The Maratha quota, reduced to 12% in education and 13% in jobs by the court, is a substantial sop for the community estimated at 30-32% of Maharashtra’s population. (Photo: Abhijit Bhatlekar/Mint)
The Maratha quota, reduced to 12% in education and 13% in jobs by the court, is a substantial sop for the community estimated at 30-32% of Maharashtra’s population. (Photo: Abhijit Bhatlekar/Mint)

High Court ruling on Maratha quota gives BJP-Sena the edge in Maharashtra

  • The BJP-Sena is looking to carry the momentum from its LS poll performance in assembly polls likely in October
  • The Maratha quota, reduced to 12% in education and 13% in jobs by the court, is a substantial sop for the community estimated at 30-32% of Maharashtra’s population

The electoral battle for Maharashtra has turned grim for the Congress and Nationalist Congress Party (NCP), with Bombay high court last week upholding the enactment in November 2018 of a legislation providing reservation to the Maratha community while ruling that the quota be reduced.

The development has added to the misery of the Opposition, which is struggling to cope with a leadership vacuum and rebellion in the ranks. The Opposition is also constrained by the lack of a coherent strategy to take on the incumbent Bharatiya Janata Party (BJP)-Shiv Sena alliance in the state, which has got a big boost following the success of the prolonged political and legal campaign by the numerically strong and politically formidable Maratha community.

“The BJP-Shiv Sena could not have asked for more" at this stage, said a Congress legislator requesting anonymity. “We are totally demoralized, we don’t know what is happening with our top leadership and we have no strategy in place for the assembly elections. The Marathas have won the battle for reservation and the simple truth is that this has happened under the BJP-Shiv Sena rule. That is a big plus," said the Congress leader.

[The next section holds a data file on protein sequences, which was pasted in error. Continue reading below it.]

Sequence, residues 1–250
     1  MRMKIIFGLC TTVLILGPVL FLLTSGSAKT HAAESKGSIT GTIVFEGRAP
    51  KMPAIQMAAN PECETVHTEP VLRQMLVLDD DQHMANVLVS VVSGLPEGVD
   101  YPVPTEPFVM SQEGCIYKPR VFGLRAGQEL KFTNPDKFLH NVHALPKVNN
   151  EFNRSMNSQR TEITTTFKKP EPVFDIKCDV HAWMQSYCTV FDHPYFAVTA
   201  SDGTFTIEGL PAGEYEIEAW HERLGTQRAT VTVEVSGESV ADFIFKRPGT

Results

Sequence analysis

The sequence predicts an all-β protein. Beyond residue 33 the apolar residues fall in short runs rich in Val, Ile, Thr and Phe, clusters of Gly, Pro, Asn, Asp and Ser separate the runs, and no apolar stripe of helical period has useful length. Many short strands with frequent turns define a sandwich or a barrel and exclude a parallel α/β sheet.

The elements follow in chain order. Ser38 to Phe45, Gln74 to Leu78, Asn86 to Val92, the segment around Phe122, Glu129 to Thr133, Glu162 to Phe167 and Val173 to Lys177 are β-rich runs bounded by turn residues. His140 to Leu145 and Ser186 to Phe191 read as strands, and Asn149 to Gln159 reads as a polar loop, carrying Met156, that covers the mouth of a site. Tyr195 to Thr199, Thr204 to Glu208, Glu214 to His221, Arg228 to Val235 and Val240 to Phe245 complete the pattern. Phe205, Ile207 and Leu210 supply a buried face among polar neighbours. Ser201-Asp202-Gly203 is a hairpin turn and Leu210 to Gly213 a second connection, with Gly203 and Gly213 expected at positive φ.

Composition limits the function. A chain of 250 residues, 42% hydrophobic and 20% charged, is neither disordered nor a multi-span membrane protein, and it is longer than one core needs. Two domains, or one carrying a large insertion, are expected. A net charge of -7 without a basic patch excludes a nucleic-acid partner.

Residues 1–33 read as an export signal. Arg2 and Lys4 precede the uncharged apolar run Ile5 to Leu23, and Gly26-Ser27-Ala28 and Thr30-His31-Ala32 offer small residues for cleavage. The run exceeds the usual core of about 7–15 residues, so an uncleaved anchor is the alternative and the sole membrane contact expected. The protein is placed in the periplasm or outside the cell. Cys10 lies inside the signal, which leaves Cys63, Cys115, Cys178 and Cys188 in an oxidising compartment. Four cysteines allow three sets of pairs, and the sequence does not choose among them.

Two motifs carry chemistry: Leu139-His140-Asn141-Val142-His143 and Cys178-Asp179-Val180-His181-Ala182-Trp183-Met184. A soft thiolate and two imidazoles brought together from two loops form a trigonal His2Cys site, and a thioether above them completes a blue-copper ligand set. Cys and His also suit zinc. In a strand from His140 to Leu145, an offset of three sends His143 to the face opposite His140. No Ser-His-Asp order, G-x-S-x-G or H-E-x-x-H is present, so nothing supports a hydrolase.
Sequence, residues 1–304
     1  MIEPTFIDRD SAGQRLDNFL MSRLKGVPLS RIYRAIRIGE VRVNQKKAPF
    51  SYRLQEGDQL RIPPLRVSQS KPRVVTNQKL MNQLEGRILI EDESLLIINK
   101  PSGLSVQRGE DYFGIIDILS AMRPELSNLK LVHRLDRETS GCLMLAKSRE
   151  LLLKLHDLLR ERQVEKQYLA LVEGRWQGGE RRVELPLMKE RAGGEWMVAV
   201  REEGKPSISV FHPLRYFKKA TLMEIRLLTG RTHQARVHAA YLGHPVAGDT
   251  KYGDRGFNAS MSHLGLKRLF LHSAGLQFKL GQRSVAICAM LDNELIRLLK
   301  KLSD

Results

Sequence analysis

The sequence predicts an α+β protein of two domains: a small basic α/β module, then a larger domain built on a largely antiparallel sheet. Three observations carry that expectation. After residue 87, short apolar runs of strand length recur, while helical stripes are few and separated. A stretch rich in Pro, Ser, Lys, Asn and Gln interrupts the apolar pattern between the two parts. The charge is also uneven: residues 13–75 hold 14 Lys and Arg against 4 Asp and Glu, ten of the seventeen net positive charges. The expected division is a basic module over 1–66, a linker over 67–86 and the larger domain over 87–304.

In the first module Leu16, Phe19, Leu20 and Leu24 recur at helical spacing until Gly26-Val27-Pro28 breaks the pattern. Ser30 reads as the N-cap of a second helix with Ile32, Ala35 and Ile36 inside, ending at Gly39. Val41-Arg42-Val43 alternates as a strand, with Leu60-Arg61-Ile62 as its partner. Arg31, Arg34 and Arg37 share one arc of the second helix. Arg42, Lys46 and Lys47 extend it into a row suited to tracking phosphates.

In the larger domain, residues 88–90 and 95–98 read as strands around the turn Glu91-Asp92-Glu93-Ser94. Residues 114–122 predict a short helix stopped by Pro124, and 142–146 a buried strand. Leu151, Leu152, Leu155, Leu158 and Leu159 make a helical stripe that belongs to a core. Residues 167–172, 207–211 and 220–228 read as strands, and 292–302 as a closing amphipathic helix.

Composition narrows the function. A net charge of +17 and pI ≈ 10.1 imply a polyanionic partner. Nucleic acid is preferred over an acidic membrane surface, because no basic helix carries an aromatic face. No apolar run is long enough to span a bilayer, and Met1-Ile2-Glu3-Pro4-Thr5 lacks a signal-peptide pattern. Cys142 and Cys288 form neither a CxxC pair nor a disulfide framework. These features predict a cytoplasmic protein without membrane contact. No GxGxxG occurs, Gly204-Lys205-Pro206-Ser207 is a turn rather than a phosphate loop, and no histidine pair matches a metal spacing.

Assembly elections in Maharashtra are likely to be held in October and the BJP-Shiv Sena alliance aims to carry the momentum from its splendid performance in the recent Lok Sabha elections where it won 41 of 48 seats in the state. The Congress won only one seat and the NCP four.

The Maratha quota, reduced to 12% in education and 13% in government jobs by the high court from the 16% in the state legislation, is still a substantial sop for the community estimated at 30-32% of Maharashtra’s population, as data from the caste census have not been published yet.

In November 2018, the government of chief minister Devendra Fadnavis enacted a legislation putting the Marathas in a special category of socially and educationally backward class and gave them the benefit of 16% reservation in education and state government jobs. The high court upheld most of this law, with the reduction in the quantum of reservation being the only significant difference.

The political-legal history of the demand for Maratha quota does not favour the Congress-NCP. An ordinance passed by the Congress-NCP government in September 2014, just a month ahead of assembly elections, was rejected by the Bombay high court in November of that year. The court ruled that no quantifiable data had been furnished to prove that Marathas were a backward community.

After the elections, the Fadnavis government enacted a law to give the quota but it was stayed in April 2015 for nearly the same reasons. However, after April 2015 and especially after the Maratha community took to the streets in August 2016, the Fadnavis government started building a strong legal case for the quota. It reconstituted the Maharashtra Commission for the Backward Classes, which studied the demand, collected quantifiable data, and submitted its report in late 2018.

The Bombay high court accepted nearly all recommendations of the commission when it upheld the quota last week. This background gives the BJP-Shiv Sena government a decisive edge over the Congress-NCP by providing a legally foolproof Maratha reservation, said the Congress leader mentioned above.

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